Successful hack attacks often happen not because of tricky coding, but plain old “social engineering” — ie, conning people. The latest version of iOS, 8.3, apparently fails to filter out potentially dangerous HTML code embedded in incoming emails. The researcher’s proof-of-concept code takes advantage of that by calling up a remote HTML form that looks identical to the iCloud log-in window. It could easily trick someone into entering their iCloud username and password, then hide the dialog after the user clicks “OK.”
“Spooky action at a distance” is how Albert Einstein described one of the key principles of quantum mechanics: entanglement. Entanglement occurs when two particles become related such that they can coordinate their properties instantly even across a galaxy. Think of wormholes in space or Star Trek transporters that beam atoms to distant locations. Quantum mechanics posits other spooky things too: particles with a mysterious property called superposition, which allows them to have a value of one and zero at the same time; and particles’ ability to tunnel through barriers as if they were walking through a wall.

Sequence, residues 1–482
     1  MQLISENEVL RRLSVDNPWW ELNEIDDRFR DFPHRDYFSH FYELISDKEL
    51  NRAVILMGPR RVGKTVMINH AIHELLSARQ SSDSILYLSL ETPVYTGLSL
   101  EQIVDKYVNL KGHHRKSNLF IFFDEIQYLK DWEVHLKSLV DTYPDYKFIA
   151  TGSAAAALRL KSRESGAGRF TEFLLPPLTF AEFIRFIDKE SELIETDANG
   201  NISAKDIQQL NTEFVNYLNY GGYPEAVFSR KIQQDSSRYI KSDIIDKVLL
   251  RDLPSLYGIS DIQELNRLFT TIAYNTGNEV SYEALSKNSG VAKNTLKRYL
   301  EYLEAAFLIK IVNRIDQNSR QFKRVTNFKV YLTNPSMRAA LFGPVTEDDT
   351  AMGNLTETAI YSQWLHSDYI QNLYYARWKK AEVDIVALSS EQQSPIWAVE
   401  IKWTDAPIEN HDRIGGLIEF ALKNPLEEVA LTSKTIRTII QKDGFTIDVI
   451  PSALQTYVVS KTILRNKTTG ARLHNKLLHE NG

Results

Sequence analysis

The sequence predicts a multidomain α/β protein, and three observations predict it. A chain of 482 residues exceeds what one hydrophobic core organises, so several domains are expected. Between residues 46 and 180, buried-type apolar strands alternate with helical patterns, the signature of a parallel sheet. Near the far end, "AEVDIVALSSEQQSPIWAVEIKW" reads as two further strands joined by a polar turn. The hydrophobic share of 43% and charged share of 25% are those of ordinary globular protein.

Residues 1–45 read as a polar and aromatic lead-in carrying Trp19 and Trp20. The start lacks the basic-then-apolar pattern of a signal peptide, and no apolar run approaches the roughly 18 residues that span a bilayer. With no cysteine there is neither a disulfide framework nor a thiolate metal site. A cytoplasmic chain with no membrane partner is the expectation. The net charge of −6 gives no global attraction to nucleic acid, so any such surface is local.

We are making substantial progress in harnessing the power of quantum mechanics.
In theory, Quantum computers can perform 2^512 operations simultaneously. That’s more calculations than there are atoms in the universe — by many orders of magnitude. They will be as transformative for mankind as were the mainframe computers, personal computers, and smartphones that we all use. As do all advancing technologies, they will also create new nightmares. The most worrisome development will be in cryptography. Developing new standards for protecting data won’t be easy.
Transportation Security Administration and aviation industry employees will be subjected to heightened electronic surveillance following several incidents involving insiders who abused their badges to traffic guns, federal officials announced Monday.
Among the actions that kick in immediately are random passenger-like screening of airline employees throughout the workday and biennial criminal history checks, until there is a system in place for “real-time recurrent” FBI background checks for all aviation workers, officials said.
TSA potentially also might monitor social media communications of individuals near certain airports, as well as suspect employees. And threat assessments of employees could be expanded to include cross-checks of employee information against additional U.S. and international watch lists.